I respect Indie authors because I am one and care about authors who have good books with weak covers. A book cover can make or break a sale. Your book cover needs to look professional and be a “grabber.” What makes a good cover?
First, the cover should match the content. While this sounds like an amazing grasp of the obvious, it isn’t. Many books have covers that don’t fit the contents. I used to have a publications lawyer and she added a clause in my contract that said the cover couldn’t be changed without my consent. Covers are often changed for overseas markets, she explained, including “bosomy covers” on serious books.
Just as words speak for your book, the cover should speak for your book. This advice comes from marketing director/author, Jeff Goins. In his article “Three Things Most People Don’t Know About Book Cover Design, he says good books provoke readers. “They make you think. And so should their covers.”
What makes a good cover? When I researched book covers, I learned that readers tend to think of themselves as younger than the people on book covers. Though my latest book is for grandparents, notice that the couple on the cover are young grandparents. Also, they look happy—another important point. The publisher, graphic designer, and I chose the font together.
The first cover design had a red title, but the book distributor nixed it. The distributor suggested blue and we followed his advice. Look carefully and you’ll see the letters outlined in white to increase visibility. Graphic designers call this “drop shadow” and it can be very effective.
In the online age, the subtitle of a book is as important as the title. Your subtitle may refer to the genre, such as “Book two of the Detective Marley series.” Coming up with a subtitle took hours and I finally wrote one that worked: Tested Tips, Research & Real-Life Stories to Make Your Life Easier. This subtitle tells potential buyers what to expect from the book.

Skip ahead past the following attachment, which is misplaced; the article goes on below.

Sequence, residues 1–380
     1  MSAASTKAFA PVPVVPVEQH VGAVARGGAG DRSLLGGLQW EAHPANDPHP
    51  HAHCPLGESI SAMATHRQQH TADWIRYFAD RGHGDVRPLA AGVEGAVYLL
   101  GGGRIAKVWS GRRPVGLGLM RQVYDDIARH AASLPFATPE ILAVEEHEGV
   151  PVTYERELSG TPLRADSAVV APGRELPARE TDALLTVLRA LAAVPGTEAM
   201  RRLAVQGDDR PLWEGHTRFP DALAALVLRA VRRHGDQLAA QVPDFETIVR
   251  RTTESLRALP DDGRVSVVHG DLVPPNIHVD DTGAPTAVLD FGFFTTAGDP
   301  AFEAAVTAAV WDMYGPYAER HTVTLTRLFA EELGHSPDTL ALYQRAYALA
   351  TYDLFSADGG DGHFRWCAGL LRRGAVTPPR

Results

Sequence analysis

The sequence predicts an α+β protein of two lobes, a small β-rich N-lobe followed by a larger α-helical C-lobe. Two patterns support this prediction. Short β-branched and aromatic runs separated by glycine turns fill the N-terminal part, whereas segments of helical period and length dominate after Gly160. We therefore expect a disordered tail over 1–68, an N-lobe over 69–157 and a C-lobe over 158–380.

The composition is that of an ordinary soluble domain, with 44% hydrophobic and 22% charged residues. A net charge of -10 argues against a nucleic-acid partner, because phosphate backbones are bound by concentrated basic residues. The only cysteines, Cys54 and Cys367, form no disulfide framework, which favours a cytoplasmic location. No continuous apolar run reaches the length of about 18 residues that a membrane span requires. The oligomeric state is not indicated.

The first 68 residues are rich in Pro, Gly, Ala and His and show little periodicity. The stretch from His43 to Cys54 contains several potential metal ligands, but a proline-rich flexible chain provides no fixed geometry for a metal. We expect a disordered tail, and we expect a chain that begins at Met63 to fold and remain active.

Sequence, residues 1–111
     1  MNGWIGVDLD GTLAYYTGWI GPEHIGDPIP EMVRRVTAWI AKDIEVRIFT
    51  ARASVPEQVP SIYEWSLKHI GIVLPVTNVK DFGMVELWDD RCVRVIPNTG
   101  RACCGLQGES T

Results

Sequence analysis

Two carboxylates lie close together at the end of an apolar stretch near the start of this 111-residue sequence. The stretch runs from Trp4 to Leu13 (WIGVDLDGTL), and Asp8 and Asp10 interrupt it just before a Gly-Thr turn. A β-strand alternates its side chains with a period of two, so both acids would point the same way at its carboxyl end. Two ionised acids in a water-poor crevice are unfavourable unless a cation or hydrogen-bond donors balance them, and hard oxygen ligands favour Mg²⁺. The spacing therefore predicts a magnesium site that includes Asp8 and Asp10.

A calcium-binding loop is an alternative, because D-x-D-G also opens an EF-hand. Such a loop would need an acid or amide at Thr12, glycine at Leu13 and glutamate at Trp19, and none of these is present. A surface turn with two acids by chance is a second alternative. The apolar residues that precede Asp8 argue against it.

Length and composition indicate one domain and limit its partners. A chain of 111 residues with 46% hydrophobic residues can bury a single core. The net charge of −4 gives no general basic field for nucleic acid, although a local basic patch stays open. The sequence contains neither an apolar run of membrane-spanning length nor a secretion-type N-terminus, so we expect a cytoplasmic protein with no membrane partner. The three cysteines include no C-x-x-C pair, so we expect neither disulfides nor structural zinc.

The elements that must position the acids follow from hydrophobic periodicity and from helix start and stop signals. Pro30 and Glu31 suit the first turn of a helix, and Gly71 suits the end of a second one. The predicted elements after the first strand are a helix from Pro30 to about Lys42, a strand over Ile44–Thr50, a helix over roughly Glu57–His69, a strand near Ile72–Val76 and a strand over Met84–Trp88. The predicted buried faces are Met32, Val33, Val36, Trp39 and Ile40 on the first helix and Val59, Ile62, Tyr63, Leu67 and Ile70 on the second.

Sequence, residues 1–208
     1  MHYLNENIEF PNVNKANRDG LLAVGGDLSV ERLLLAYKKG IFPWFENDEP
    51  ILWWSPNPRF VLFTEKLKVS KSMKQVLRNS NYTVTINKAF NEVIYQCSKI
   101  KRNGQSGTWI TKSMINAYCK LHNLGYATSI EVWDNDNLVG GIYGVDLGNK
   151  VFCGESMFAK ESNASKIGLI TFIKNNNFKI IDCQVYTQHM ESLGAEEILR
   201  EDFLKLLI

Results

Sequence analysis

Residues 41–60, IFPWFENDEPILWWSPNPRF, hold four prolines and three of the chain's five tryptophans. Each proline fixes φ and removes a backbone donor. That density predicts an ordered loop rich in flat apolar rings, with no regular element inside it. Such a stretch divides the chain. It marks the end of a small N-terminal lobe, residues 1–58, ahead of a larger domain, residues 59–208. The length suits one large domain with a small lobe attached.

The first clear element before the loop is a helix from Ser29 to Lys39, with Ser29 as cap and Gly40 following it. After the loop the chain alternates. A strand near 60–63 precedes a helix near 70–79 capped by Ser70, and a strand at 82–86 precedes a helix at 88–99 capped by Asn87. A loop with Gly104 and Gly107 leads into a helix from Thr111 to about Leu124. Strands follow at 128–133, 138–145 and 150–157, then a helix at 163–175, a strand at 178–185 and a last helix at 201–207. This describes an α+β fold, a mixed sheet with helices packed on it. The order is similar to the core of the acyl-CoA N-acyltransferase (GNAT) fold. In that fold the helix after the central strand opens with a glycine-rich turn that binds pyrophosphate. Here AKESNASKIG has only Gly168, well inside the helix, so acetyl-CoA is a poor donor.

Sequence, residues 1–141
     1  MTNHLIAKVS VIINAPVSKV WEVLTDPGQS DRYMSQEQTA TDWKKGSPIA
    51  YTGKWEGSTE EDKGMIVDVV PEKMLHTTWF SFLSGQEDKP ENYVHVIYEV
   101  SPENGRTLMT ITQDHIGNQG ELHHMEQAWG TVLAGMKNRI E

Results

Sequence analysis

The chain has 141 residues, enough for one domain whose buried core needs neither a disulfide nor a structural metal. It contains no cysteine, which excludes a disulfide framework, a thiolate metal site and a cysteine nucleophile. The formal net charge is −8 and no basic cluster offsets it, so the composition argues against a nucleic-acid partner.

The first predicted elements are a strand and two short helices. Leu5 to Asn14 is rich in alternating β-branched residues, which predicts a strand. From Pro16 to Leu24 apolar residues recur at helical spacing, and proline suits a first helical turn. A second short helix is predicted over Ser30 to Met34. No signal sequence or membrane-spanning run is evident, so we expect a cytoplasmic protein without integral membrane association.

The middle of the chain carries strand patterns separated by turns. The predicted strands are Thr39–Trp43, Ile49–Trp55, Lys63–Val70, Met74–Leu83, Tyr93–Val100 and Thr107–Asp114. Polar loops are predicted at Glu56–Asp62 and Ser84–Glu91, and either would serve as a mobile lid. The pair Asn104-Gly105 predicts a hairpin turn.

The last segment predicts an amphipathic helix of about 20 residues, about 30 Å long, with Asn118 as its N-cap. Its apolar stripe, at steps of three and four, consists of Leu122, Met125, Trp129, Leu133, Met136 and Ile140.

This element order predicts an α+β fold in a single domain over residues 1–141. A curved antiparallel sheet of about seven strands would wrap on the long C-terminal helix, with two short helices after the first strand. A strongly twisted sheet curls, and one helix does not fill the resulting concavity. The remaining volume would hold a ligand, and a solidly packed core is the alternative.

A good subtitle shortcuts the decision-making process, according to Kevin Tumlinson, author of the article, “The Psychology of a Good Book Cover.” Tumlinson thinks a good cover should make the eyes move. “If the reader is thrilled by the cover image as they ‘read’ it, there’s a better chance they’ll assume the book will be equally as thrilling,” he notes.
The second cover design has a medallion on it. When the book was released, neither the publisher nor I knew it would be named a finalist in the Book Excellence Awards. Several months later, the book received a second award and I notified my publisher. I asked she would add another medallion to the cover. Her reply: “We don’t want to clutter the cover with medallions.”
Because I have a graduate degree in art, I always have book cover ideas. For me, hiring a graphic designer is worth the money. Trends can make an existing cover outdated. That happened to me and I recently changed a book cover. It was worth the money and sales increased immediately.
Look at award-winning covers online before you approve your cover. Pay close attention to covers in your genre. Which ones do you like best? Why do you like them? Do any design ideas apply to your forthcoming book? As Kristen Eckstein notes in her article, “The Five Secrets to a Killer eBook Cover, “Your goal is to stand out from the crowd.”